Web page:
Outgoing UNL journalism dean Kebbel talks new mobile media role
Gary Kebbel speaks at Hack Omaha in April.
Mobile media has been Gary Kebbel's mission since 2007, when he was on a Fullbright scholarship teaching in South Africa.
“When my students were bored with me, they’d take out their dumb phones — not smart phones — and do their mobile banking,” Kebbel (above) said Friday in a phone interview. “And I realized then that we in the U.S. are so far behind … in our use of mobile technology.”
That’s why Kebbel this month announced his resignation as Dean of Journalism at the University of Nebraska-Lincoln, effective June 30, in order to head UNL’s university-wide mobile media initiative. He will remain a tenured professor in the College of Journalism and Mass Communications.
The mobile media effort, which was Kebbel’s idea, will unite projects across UNL’s three campuses in order to foster collaboration among like-minded professors who are interested in mobile media.
“There’s a lot already going on,” Kebbel said. “The idea is to bring it together, see if people want to have a common purpose for greater impact, and then combine professors of research and professors of practice together so that they can create new products, experiment and get feedback.”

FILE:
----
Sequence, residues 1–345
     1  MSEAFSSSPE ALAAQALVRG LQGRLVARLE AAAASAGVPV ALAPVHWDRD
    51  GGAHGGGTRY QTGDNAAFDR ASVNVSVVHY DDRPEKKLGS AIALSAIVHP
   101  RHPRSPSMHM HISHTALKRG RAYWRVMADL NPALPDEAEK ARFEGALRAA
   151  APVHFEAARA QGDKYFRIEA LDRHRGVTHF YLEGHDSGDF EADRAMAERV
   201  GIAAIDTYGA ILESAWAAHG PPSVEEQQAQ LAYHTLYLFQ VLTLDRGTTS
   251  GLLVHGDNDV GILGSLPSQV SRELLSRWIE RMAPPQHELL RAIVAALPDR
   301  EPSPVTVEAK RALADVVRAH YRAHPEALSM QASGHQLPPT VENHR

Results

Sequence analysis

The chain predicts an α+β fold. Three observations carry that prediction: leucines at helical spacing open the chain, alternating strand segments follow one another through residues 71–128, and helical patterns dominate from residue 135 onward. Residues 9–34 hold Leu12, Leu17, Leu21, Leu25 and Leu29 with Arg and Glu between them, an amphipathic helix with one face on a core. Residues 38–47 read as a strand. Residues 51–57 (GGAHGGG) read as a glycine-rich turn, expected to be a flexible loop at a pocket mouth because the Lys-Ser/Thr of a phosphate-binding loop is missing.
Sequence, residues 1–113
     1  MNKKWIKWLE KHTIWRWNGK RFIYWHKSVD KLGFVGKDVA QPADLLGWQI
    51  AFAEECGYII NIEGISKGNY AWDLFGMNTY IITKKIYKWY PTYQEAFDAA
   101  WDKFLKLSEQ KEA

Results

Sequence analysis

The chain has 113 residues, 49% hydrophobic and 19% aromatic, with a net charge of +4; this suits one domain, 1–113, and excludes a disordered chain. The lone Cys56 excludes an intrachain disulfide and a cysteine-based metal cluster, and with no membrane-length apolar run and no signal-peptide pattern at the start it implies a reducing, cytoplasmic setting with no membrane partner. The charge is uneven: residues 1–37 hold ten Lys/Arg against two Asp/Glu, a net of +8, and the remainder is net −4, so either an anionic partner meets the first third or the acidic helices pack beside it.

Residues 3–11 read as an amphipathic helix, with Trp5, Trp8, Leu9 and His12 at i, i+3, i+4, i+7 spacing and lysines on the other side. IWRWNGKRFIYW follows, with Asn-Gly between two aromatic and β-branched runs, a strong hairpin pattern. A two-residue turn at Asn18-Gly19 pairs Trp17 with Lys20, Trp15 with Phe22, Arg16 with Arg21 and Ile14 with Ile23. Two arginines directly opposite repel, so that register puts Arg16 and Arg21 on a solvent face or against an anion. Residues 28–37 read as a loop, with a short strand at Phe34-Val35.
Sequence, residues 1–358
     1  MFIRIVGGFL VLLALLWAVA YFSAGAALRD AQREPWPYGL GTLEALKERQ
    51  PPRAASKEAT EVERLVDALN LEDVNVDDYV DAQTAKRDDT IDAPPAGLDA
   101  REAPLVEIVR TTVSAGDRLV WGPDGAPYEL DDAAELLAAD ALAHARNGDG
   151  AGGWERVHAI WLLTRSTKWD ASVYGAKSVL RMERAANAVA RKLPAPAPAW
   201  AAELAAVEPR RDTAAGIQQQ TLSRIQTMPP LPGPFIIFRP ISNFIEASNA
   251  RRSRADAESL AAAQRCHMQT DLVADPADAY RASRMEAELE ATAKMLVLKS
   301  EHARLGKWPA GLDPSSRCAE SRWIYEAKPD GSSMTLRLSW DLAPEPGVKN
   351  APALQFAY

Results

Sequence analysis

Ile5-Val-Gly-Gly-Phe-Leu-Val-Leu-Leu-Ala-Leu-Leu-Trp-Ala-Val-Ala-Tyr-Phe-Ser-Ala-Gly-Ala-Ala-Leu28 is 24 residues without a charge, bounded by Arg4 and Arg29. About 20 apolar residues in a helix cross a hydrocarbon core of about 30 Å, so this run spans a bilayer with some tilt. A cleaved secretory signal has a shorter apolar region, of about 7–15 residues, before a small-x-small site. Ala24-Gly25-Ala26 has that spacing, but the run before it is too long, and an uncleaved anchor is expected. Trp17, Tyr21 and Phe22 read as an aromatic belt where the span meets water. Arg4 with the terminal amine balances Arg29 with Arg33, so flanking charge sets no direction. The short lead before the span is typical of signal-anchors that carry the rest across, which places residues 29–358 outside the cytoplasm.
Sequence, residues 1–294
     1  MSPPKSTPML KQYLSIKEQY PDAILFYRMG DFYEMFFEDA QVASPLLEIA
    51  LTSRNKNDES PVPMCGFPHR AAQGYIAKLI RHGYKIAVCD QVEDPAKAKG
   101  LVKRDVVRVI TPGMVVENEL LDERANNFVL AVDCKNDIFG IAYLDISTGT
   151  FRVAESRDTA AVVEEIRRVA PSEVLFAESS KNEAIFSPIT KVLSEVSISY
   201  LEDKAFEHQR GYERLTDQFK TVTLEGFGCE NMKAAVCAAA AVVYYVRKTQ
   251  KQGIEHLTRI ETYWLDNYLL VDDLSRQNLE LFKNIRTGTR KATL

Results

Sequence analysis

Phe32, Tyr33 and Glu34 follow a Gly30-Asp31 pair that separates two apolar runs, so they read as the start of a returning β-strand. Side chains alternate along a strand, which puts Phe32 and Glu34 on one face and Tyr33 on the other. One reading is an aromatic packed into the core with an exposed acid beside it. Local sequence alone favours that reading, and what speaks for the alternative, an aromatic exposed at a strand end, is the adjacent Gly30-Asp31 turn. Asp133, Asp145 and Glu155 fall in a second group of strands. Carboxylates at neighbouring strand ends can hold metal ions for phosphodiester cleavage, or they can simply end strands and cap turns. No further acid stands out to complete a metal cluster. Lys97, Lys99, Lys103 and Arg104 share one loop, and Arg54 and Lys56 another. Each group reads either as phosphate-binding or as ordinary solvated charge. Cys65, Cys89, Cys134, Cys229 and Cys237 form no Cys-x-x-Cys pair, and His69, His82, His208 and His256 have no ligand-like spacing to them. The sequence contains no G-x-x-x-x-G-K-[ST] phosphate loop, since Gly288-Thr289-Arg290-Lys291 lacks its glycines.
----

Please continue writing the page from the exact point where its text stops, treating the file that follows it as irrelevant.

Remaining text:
And he’s right: There is a lot already going on at UNL regarding mobile media. There’s a music professor using iPads to write music, Kebbel said. Every college has its own mobile app. And there’s research being done into small group communication, which could easily be applied to mobile communication.
Kebbel said he is unaware of any other universities that are putting a similar emphasis on mobile media as “the media of the future.”
Kebbel is now working to secure funds to hire a full-time research professor dedicated to the project.
“In the past week, we’ve been told of several hundred thousand dollars that will be coming our way,” he said, though he was unable to disclose specifics yet.
According to Kebbel, mobile technology is important because it has the furthest reach. Whether it’s an urban/rural divide, old/young divide, rich/poor divide or one country divided from another country, mobile devices are the only tools that can bridge all of them.
“Everybody on both sides of those divides have mobile devices,” Kebbel said. “So if you want to create the opportunity for the most people in the world to be in the same conversation, you have to do it with a mobile device.”
Credits: Photo of Kebbel by Danny Schreiber.